J. Shimon & J. Lindemann’s Real Photo Postcard Survey Project on view through October 2, 2010. Also, Vansessa Winship in Gallery B. Portrait Society is located at 207 E. Buffalo Street, Fifth Floor of the Marshall Building, in Milwaukee’s
Historic Third Ward. Hours are Friday and Saturday from 1 to 5 p.m. John Shimon and Julie Lindemann have been long-time collaborators, working together for nearly 20 years. They began shooting portrait commissions for this project in their studio in Manitowoc, WI about two years ago. Since then, they completed about 160 portraits, all done in the historic palladium printing process in a postcard format.
The exhibition includes the commissioned portraits as well as a body of postcard portraits from the early 1900s. A small catalog with a sample of six postcards (two of each to total 12) is available for $10 in conjunction with the show.
As the project unfolded , more and more people arrived in Manitowoc to stand on the tape line with very clear ideas of how they wanted to present themselves. Some brought dogs and props or wore special clothes. Each confronted the camera with his or her own ideas of what the moment might contain. A project blog was established to post the portraits as they were printed.
Lawrence University in Appleton, WI, where Shimon and Lindemann are professors in the art department, has generously provided a grant to fund some of the printing and framing of the work.
Shimon and Lindemann’s work is currently included in the Wisconsin Triennial at the Madison Museum of Contemporary Art. A solo show of their work, “Unmasked and Anonymous,” was presented at the Milwaukee Art Museum in 2008. Real Photo Postcard Survey Project
Vanessa Winship: Dancers and Fighters
In conjunction with this exhibition, Portrait Society is also hosting a companion show of work by London-based photographer Vanessa Winship. Winship is well-known in international photography circles, but this is her first solo exhibition in the United States. She most recently won the distinguished 2010 PhotoEspana prize. She is showing a body of work called “Dancers and Fighters” featuring portraits of children taken in the Republic of Georgia, where she has frequently worked. Vanessa Winship
Portrait Society Gallery is located in Milwaukee’s Historic Third Ward in the Marshall Building, 207 E. Buffalo Street, Suite 526. It is open Thursday through Saturday from 1 to 5 p.m. Please contact gallery director Debra Brehmer for additional information at firstname.lastname@example.org or 414.870.9930. realphotopostcardsurveyproject.blogspot.com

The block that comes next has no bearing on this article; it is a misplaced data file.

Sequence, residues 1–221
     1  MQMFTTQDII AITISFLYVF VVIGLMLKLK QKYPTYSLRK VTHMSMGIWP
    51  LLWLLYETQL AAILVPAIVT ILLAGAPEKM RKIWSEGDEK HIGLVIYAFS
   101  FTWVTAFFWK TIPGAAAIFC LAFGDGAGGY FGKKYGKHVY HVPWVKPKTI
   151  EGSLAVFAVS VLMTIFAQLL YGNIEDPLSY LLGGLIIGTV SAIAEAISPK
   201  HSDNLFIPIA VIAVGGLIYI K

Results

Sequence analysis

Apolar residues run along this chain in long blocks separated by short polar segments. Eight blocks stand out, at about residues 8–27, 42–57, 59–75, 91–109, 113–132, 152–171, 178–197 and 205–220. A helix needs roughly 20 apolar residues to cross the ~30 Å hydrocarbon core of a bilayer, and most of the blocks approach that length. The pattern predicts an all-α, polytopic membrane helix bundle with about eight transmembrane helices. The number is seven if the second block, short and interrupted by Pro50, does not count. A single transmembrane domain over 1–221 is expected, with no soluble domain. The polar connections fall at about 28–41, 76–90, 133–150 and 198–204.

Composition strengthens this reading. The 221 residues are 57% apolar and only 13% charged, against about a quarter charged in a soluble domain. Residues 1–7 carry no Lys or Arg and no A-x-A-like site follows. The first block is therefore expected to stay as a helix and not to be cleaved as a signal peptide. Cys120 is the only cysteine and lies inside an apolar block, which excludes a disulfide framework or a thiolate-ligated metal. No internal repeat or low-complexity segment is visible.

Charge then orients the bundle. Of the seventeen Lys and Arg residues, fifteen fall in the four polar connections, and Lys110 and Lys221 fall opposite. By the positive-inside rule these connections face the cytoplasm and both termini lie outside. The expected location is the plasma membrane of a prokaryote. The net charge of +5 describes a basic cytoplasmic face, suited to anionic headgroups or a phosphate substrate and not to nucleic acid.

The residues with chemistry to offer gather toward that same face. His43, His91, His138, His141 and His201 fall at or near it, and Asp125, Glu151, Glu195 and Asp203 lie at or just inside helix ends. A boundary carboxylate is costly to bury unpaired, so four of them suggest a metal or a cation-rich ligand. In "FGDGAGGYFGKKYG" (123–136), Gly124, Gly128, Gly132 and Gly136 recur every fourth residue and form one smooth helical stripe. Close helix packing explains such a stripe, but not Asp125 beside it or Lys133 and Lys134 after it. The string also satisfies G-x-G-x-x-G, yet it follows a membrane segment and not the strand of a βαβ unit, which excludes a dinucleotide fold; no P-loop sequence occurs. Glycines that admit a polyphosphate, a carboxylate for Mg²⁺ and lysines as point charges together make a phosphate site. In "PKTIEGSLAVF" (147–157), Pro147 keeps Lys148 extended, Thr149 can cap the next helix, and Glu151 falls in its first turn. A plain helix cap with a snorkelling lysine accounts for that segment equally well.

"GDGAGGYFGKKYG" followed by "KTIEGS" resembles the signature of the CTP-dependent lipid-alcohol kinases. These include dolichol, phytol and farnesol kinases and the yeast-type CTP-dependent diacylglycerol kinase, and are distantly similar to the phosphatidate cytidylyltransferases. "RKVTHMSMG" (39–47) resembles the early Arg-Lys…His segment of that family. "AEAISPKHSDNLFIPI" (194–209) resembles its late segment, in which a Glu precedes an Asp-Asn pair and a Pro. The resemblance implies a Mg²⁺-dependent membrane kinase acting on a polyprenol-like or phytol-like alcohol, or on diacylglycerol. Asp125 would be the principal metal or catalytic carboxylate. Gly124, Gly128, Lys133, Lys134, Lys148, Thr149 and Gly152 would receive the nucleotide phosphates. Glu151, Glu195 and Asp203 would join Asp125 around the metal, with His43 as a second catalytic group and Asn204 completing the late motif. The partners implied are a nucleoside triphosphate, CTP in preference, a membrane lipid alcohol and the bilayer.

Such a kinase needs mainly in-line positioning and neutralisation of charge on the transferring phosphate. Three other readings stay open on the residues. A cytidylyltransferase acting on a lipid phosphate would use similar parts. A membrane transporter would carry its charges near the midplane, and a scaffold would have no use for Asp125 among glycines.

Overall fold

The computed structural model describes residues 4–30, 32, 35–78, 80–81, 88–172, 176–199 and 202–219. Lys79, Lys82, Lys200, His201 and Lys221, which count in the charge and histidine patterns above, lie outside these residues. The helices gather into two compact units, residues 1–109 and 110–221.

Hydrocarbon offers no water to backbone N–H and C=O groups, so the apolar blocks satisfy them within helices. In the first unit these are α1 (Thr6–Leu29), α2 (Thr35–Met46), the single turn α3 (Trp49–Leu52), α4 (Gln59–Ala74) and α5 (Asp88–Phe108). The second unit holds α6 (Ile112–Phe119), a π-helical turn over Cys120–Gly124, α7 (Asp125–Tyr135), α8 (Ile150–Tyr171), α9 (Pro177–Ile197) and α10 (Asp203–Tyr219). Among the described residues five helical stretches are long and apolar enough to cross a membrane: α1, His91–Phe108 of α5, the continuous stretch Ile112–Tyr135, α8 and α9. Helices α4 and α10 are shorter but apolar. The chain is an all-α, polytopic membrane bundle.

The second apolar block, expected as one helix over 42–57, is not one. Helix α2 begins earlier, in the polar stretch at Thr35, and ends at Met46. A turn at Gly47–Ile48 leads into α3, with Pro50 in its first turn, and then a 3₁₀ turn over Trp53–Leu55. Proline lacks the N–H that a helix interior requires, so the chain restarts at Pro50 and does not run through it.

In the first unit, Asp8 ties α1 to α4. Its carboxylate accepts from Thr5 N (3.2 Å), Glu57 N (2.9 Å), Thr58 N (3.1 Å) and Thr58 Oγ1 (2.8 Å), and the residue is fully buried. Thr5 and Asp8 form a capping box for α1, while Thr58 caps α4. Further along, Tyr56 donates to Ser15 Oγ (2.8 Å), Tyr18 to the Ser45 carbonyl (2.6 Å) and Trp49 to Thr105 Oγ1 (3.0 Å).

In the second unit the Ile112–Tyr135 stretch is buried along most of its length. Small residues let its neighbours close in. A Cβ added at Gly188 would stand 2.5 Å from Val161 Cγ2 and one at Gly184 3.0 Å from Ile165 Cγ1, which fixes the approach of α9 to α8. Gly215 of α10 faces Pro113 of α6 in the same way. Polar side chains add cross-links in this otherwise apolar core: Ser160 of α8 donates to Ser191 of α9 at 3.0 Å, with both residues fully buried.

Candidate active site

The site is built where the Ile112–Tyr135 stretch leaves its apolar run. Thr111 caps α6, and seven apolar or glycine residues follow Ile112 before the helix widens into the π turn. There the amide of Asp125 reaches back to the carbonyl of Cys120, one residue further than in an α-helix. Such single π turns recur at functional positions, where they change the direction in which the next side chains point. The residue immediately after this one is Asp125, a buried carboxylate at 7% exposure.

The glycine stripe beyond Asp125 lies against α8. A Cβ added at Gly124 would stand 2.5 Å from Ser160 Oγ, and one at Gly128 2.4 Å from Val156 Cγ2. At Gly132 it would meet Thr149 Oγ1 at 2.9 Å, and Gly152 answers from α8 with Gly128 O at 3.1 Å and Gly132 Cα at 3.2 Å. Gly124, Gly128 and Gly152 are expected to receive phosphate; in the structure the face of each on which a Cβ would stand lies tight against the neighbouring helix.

An essay from The British Journal of Photography about Vanessa Winship
Truth and Beauty: Vanessa Winship
By Simon Bainbridge
(Excerpted from The British Journal of Photography, September 2008).
‘The Balkans is a fantastic place, but the burning … ‘ Vanessa Winship is speaking in mock dramatic tones, but of course there’s a terrifying truth behind her sardonic affection for the powder keg of Europe, still smouldering from its most recent bout of bloody ethnic warfare.
She knows the area well, having moved there with her partner and fellow photographer, George Georgiou, at the denouement of the Kosovo crisis at the end of the 1990s, and staying on in the region when most of the world’s press had moved on to burning pastures new. But though she’s chosen to spend the best part of the last decade living and working in Europe’s most enduring battle zone, Winship is not so much a conflict photographer as a lyrical storyteller, drawn to the Balkans and neighbouring Black Sea provinces because of their rich sense of cultural identity – a sense only intensified by the divisions in the territory.
‘For me, photography is a way of understanding the world, and of course politics comes into that. But I’m not a campaigning photographer, that’s not my agenda. I’m interested in what makes people tick – their fantasies and dreams. I’m interested in history and the way it’s told.’
History, she observes, depends on who’s telling. ‘My truth is my own reality, and someone else’s truth is their reality. And they’re both true. This is where conflict happens; when different peoples’ reading of truths are not necessarily the same.’
Her passion for the region was sparked by a very particular obsession. ‘Going to the Balkans began with a fantasy relationship I had with Albania,’ she recalls. ‘When the Iron Curtain fell, there were all these images of places, often dreadfully poor, and in amongst them I saw a few pictures of somewhere really beautiful. Albania has an extraordinary history, with this dictator (Enver Hoxha) and very peculiar culture, but I wasn’t in a position to go there, so I looked at it from a distance. I joined the Albanian Society and I read Ismail Kadare, who’s this incredible novelist who wrote during the time of Hoxha. His writing is surrealist, and he was able to make this critique about the system he was living under in a very veiled and convoluted way, using mythology and symbols. It was this looking at things in a more layered way that interested me.